Ancient Greek legend has it that in 720 BC, an Olympic athlete named Orsippos of Megara was participating in the 185m race when his loincloth slipped. Rather than stop to hide his shame, Orsippos sprinted and won the race, naked.
When the Olympics were revived in modern times, in 1896, mores had changed. The organizers didn’t even consider reviving the Greek tradition of naked competitions. “What if the already very special Tokyo Games took an even more unusual turn by reinstating the original Greek Olympic nudity?”, wonders BBC. While no one really takes this possibility seriously, the idea raises interesting questions about athletic performance, cultural norms, or sexism. Indeed, if certain sports clothes have a real interest – to maintain the breasts of women or the genitals of men – their contribution to athletic performance is less clear.
According to Olga Troykinov, professor of human-based engineering at RMIT University in Melbourne, the garment has many uses for athletes. First of all, it evens out the body and allows the power of the muscles to be better directed towards the task at hand. For example, weight lifting belts can be useful in stabilizing the muscles of an athlete so that they can focus all of their energy towards the work they are performing.
The physical and psychological effects
Very smooth fabrics can also reduce the resistance the body encounters when moving through air or water, a boon for many types of sports where speed is the key to success. For example, in addition to shaving their legs, riders can also benefit from tight-fitting clothing, with rough areas strategically placed to create a definite trail behind them.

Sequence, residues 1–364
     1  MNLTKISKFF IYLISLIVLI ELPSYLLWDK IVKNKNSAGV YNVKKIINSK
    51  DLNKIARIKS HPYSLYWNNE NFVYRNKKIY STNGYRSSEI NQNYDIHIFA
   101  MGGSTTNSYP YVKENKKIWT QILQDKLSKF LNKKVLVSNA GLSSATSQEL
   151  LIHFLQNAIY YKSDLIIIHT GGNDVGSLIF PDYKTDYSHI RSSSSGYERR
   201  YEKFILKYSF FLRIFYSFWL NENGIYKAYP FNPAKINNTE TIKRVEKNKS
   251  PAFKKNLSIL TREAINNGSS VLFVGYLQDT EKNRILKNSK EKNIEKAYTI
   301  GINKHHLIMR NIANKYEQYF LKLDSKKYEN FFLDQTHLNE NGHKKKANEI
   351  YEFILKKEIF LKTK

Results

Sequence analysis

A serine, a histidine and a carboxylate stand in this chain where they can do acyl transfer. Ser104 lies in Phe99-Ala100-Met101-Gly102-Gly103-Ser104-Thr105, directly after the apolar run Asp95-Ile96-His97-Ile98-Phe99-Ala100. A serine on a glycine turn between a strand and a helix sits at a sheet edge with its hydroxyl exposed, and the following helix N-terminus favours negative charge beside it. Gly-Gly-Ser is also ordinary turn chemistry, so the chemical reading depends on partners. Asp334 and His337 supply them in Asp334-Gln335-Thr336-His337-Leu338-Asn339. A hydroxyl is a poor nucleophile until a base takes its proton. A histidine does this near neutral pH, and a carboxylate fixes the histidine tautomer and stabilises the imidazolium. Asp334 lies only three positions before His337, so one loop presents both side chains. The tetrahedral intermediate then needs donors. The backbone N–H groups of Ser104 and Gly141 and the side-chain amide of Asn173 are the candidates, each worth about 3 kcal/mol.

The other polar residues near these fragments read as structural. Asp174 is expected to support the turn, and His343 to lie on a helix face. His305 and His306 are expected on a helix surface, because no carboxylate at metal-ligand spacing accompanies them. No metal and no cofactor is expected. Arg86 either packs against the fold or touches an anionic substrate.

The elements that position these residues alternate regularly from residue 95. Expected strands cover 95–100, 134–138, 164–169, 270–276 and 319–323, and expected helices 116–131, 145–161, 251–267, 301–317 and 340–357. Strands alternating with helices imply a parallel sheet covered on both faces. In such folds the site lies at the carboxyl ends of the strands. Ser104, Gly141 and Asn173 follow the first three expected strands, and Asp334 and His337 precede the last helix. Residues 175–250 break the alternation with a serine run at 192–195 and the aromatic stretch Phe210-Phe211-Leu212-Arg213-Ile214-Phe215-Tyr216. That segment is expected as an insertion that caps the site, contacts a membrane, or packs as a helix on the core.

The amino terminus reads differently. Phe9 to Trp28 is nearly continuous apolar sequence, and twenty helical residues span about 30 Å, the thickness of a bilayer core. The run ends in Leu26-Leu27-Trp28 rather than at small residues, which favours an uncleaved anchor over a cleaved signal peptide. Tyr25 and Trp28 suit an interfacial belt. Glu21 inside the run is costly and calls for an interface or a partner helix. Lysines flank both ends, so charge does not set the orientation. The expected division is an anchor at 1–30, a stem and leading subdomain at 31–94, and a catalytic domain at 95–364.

But above all, competing naked would have an influence on the type of people allowed to go to the Olympics. The more conservative countries could, for example, ban competition from their athletes. Also, it would raise legal and ethical questions if minors were also to compete naked. As for female and transgender athletes, according to Ruth Barcan, associate professor of gender studies at the University of Sydney, they would do “inevitably” face more judgments than their cisgender male counterparts. Unfortunately, there are many precedents to prove it.
Finally, the psychological effects of naked competition obviously affect athletes more than the strictly physical consequences. “Imagine filtering through the millions of comments made about the most intimate parts of your body”, points out Ruth Barcan. Indeed, taking into account these constraints, the winners of the first naked Olympics were perhaps not the most efficient, but those most able to channel the state of mind of ancient Greece.
Source: Slate.fr by www.slate.fr.
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